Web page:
C90.0225 (5)0.0182 (5)0.0092 (4)0.0009 (4)−0.0002 (3)−0.0015 (3)
C100.0198 (5)0.0173 (5)0.0131 (4)−0.0018 (4)0.0015 (3)0.0000 (4)
C110.0246 (5)0.0244 (5)0.0144 (5)0.0027 (4)0.0011 (4)−0.0037 (4)
C120.0273 (6)0.0255 (6)0.0189 (5)0.0056 (5)0.0037 (4)−0.0023 (4)
C130.0227 (5)0.0271 (6)0.0196 (5)0.0021 (4)0.0018 (4)0.0051 (4)
C140.0245 (5)0.0257 (6)0.0158 (5)−0.0033 (4)−0.0015 (4)0.0031 (4)
C150.0252 (5)0.0210 (5)0.0134 (4)−0.0027 (4)0.0008 (4)−0.0013 (4)
C160.0295 (6)0.0205 (5)0.0186 (5)−0.0013 (4)0.0052 (4)0.0030 (4)

Geometric parameters (Å, °)

S1—C81.7371 (11)C5—H5A0.9300
S1—C101.7790 (11)C7—C81.3913 (15)
F1—C31.3613 (15)C7—C161.4879 (17)
O1—C91.2567 (13)C8—C91.4280 (16)
N1—N21.3821 (13)C10—C111.3894 (16)
N1—C91.3848 (13)C10—C151.3977 (15)
N1—C61.4203 (14)C11—C121.3933 (17)
N2—C71.3351 (14)C11—H11A0.9300
N2—H1N20.93 (2)C12—C131.3873 (17)
C1—C21.3884 (16)C12—H12A0.9300
C1—C61.3908 (16)C13—C141.3893 (18)
C1—H1A0.9300C13—H13A0.9300
C2—C31.3814 (17)C14—C151.3922 (17)
C2—H2A0.9300C14—H14A0.9300
C3—C41.371 (2)C15—H15A0.9300
C4—C51.3898 (18)C16—H16A0.9600
C4—H4A0.9300C16—H16B0.9600
C5—C61.3948 (15)C16—H16C0.9600
C8—S1—C10102.64 (5)C7—C8—S1128.16 (9)
N2—N1—C9109.36 (9)C9—C8—S1124.12 (8)
N2—N1—C6121.35 (8)O1—C9—N1123.29 (10)
C9—N1—C6129.13 (9)O1—C9—C8131.59 (10)
C7—N2—N1109.03 (9)N1—C9—C8105.12 (9)
C7—N2—H1N2126.2 (13)C11—C10—C15119.47 (11)
N1—N2—H1N2124.7 (13)C11—C10—S1123.19 (8)
C2—C1—C6119.67 (10)C15—C10—S1117.34 (9)
C2—C1—H1A120.2C10—C11—C12120.16 (10)
C6—C1—H1A120.2C10—C11—H11A119.9
C3—C2—C1118.17 (12)C12—C11—H11A119.9
C3—C2—H2A120.9C13—C12—C11120.50 (11)
C1—C2—H2A120.9C13—C12—H12A119.8
F1—C3—C4118.56 (11)C11—C12—H12A119.8
F1—C3—C2118.22 (13)C12—C13—C14119.39 (11)
C4—C3—C2123.22 (12)C12—C13—H13A120.3
C3—C4—C5118.73 (11)C14—C13—H13A120.3
C3—C4—H4A120.6C13—C14—C15120.52 (10)
C5—C4—H4A120.6C13—C14—H14A119.7
C4—C5—C6119.19 (12)C15—C14—H14A119.7
C4—C5—H5A120.4C14—C15—C10119.94 (11)
C6—C5—H5A120.4C14—C15—H15A120.0
C1—C6—C5121.00 (11)C10—C15—H15A120.0
C1—C6—N1119.34 (9)C7—C16—H16A109.5
C5—C6—N1119.66 (11)C7—C16—H16B109.5
N2—C7—C8108.77 (10)H16A—C16—H16B109.5
N2—C7—C16120.64 (10)C7—C16—H16C109.5
C8—C7—C16130.59 (10)H16A—C16—H16C109.5
C7—C8—C9107.72 (9)H16B—C16—H16C109.5
C9—N1—N2—C70.64 (12)C16—C7—C8—S10.70 (19)
C6—N1—N2—C7−175.10 (10)C10—S1—C8—C7−104.41 (11)
C6—C1—C2—C30.90 (18)C10—S1—C8—C974.55 (10)
C1—C2—C3—F1179.69 (12)N2—N1—C9—O1−179.24 (10)
C1—C2—C3—C4−1.5 (2)C6—N1—C9—O1−3.94 (18)
F1—C3—C4—C5179.41 (12)N2—N1—C9—C80.04 (12)
C2—C3—C4—C50.6 (2)C6—N1—C9—C8175.35 (11)
C3—C4—C5—C60.9 (2)C7—C8—C9—O1178.53 (12)
C2—C1—C6—C50.50 (18)S1—C8—C9—O1−0.61 (19)
C2—C1—C6—N1−178.88 (11)C7—C8—C9—N1−0.68 (12)
C4—C5—C6—C1−1.40 (18)S1—C8—C9—N1−179.82 (8)
C4—C5—C6—N1177.98 (11)C8—S1—C10—C1114.04 (11)
N2—N1—C6—C1144.74 (11)C8—S1—C10—C15−166.31 (9)
C9—N1—C6—C1−30.08 (17)C15—C10—C11—C12−1.69 (18)
N2—N1—C6—C5−34.65 (16)S1—C10—C11—C12177.96 (10)
C9—N1—C6—C5150.54 (12)C10—C11—C12—C130.10 (19)
N1—N2—C7—C8−1.07 (12)C11—C12—C13—C141.21 (19)
N1—N2—C7—C16178.48 (10)C12—C13—C14—C15−0.93 (19)
N2—C7—C8—C91.09 (13)C13—C14—C15—C10−0.66 (18)
C16—C7—C8—C9−178.40 (11)C11—C10—C15—C141.97 (17)
N2—C7—C8—S1−179.82 (9)S1—C10—C15—C14−177.70 (9)

Hydrogen-bond geometry (Å, °)

Cg1 and Cg3 are the centroids of the pyrazol (N1/N2/C7–C9) and benzene ring (C10–C15) rings, respectively.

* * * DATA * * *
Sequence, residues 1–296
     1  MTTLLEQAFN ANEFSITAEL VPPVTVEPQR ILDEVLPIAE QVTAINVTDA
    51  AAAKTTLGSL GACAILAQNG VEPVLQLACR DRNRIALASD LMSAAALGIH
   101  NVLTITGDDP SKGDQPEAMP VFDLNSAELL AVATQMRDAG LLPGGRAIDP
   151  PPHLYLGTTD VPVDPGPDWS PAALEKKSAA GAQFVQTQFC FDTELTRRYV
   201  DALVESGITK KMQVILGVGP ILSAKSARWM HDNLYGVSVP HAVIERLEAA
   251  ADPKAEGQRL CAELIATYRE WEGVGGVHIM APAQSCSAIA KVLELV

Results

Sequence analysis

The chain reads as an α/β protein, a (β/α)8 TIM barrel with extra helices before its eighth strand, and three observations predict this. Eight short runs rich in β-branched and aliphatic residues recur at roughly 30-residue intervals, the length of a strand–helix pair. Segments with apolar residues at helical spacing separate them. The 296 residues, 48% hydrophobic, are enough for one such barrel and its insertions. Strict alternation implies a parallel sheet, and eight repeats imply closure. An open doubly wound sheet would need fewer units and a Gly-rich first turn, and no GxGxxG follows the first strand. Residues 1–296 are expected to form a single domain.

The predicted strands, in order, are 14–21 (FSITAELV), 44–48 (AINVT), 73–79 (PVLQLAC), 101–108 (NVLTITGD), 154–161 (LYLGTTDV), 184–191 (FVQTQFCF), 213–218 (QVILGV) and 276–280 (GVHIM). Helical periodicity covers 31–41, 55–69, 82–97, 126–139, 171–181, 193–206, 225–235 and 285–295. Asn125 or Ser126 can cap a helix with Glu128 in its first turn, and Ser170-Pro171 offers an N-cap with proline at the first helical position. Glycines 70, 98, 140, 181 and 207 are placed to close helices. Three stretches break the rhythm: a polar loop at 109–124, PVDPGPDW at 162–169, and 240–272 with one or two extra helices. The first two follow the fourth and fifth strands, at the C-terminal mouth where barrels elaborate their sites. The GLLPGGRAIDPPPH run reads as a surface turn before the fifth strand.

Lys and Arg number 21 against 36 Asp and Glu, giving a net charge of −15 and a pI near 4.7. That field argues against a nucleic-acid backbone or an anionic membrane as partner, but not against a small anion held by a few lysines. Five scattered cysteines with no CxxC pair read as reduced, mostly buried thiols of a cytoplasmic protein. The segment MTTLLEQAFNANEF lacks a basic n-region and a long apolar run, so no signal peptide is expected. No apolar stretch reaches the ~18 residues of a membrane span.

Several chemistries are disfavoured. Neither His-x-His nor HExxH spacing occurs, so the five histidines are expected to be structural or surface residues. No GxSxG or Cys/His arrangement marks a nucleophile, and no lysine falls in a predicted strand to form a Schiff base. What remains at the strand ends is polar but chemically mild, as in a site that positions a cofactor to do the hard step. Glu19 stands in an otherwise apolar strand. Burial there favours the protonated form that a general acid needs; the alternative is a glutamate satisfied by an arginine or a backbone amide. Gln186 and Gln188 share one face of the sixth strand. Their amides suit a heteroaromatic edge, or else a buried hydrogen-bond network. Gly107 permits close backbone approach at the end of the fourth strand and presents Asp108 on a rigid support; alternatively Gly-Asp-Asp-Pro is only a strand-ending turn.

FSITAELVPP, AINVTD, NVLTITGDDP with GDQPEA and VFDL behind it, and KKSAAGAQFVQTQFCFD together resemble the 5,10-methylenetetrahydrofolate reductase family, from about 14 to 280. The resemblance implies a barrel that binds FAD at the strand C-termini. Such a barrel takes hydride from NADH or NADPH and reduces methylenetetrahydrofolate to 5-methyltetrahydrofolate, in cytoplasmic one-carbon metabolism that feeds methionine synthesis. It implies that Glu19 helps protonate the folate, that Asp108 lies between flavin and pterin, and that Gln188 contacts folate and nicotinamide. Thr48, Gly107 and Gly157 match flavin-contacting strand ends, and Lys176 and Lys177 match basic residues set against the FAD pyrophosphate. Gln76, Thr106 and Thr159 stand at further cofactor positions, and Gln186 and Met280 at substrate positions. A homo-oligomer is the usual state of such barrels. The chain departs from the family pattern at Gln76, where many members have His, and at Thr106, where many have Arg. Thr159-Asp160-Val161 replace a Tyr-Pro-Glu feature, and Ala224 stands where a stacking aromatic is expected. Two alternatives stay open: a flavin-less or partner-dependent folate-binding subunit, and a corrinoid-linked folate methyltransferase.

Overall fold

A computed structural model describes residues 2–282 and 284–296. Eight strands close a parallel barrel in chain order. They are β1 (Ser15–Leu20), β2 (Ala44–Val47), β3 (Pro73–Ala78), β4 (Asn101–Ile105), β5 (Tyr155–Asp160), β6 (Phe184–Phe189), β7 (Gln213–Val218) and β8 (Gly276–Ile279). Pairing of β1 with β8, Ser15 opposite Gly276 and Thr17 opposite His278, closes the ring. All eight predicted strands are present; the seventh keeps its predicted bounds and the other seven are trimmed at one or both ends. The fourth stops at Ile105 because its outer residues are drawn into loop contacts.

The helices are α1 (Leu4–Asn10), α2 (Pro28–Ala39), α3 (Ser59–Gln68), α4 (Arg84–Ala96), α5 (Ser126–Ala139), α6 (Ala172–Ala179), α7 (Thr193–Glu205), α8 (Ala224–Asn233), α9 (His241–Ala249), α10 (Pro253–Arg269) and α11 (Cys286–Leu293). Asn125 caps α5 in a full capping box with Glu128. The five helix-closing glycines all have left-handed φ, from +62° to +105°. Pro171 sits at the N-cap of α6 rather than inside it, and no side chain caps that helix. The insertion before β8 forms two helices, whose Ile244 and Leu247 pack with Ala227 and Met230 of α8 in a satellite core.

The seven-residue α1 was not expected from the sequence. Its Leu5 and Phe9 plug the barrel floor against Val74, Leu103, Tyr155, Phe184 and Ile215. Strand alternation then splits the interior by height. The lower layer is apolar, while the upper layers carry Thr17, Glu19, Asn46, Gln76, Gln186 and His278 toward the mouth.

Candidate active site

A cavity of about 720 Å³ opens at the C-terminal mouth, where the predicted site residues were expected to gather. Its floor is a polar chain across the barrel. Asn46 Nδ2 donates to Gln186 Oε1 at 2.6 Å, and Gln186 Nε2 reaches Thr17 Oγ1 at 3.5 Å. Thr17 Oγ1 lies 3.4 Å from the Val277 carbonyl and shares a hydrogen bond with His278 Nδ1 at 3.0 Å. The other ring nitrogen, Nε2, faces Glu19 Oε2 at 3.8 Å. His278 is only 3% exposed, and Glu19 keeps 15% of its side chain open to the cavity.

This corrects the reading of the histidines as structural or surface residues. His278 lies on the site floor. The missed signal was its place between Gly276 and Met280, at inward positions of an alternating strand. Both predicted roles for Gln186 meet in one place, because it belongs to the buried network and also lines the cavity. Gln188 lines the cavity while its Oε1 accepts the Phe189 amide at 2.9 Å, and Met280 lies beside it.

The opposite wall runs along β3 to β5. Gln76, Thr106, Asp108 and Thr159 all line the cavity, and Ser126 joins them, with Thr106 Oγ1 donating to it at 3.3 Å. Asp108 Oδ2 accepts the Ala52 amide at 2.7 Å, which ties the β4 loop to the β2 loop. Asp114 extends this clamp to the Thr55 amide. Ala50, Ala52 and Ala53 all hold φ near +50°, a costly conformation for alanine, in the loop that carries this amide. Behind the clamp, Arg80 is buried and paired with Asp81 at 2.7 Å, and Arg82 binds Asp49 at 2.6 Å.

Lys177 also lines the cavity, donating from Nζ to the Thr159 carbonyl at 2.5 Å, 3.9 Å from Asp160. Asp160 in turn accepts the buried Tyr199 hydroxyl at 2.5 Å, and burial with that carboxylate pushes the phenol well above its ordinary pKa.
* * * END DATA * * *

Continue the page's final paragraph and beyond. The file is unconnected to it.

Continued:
D—H···AD—HH···AD···AD—H···A
N2—H1N2···O1i0.93 (2)1.72 (2)2.6352 (12)168 (2)
C2—H2A···F1ii0.932.493.1450 (16)128
C4—H4A···F1iii0.932.433.2381 (15)145
C5—H5A···O1i0.932.563.2786 (15)134
C2—H2A···Cg1iv0.932.943.6300 (14)132
C12—H12A···Cg3v0.932.743.5928 (14)153
C16—H16B···Cg3vi0.962.793.6826 (13)155

Symmetry codes: (i) x, −y+1/2, z−1/2; (ii) −x, −y−1, −z+1; (iii) −x, y+1/2, −z+1/2; (iv) x, y−1, z; (v) −x+1, y−1/2, −z+3/2; (vi) x, −y−1/2, z−3/2.

Footnotes

Supplementary data and figures for this paper are available from the IUCr electronic archives (Reference: HB5673).

References

  • Allen, F. H., Kennard, O., Watson, D. G., Brammer, L., Orpen, A. G. & Taylor, R. (1987). J. Chem. Soc. Perkin Trans. 2, pp. S1–19.
  • Bernstein, J., Davis, R. E., Shimoni, L. & Chang, N.-L. (1995). Angew. Chem. Int. Ed. Engl.34, 1555–1573.
  • Bruker (2009). APEX2, SAINT and SADABS. Bruker AXS Inc., Madison, Wiscosin, USA.
  • Cosier, J. & Glazer, A. M. (1986). J. Appl. Cryst.19, 105–107.
  • Ragavan, R. V., Vijayakumar, V. & Kumari, N. S. (2009). Eur. J. Med. Chem.44, 3852–3857. [PubMed]
  • Ragavan, R. V., Vijayakumar, V. & Kumari, N. S. (2010). Eur. J. Med. Chem.45, 1173–1180. [PubMed]
  • Shahani, T., Fun, H.-K., Ragavan, R. V., Vijayakumar, V. & Sarveswari, S. (2009). Acta Cryst. E65, o3249–o3250. [PMC free article] [PubMed]
  • Shahani, T., Fun, H.-K., Ragavan, R. V., Vijayakumar, V. & Sarveswari, S. (2010a). Acta Cryst. E66, o142–o143. [PMC free article] [PubMed]
  • Shahani, T., Fun, H.-K., Ragavan, R. V., Vijayakumar, V. & Sarveswari, S. (2010b). Acta Cryst. E66, o1357–o1358. [PMC free article] [PubMed]
  • Shahani, T., Fun, H.-K., Ragavan, R. V., Vijayakumar, V. & Sarveswari, S. (2010c). Acta Cryst. E66, o1482–o1483. [PMC free article] [PubMed]
  • Sheldrick, G. M. (2008). Acta Cryst. A64, 112–122. [PubMed]
  • Spek, A. L. (2009). Acta Cryst. D65, 148–155. [PMC free article] [PubMed]

Articles from Acta Crystallographica Section E: Structure Reports Online are provided here courtesy of International Union of Crystallography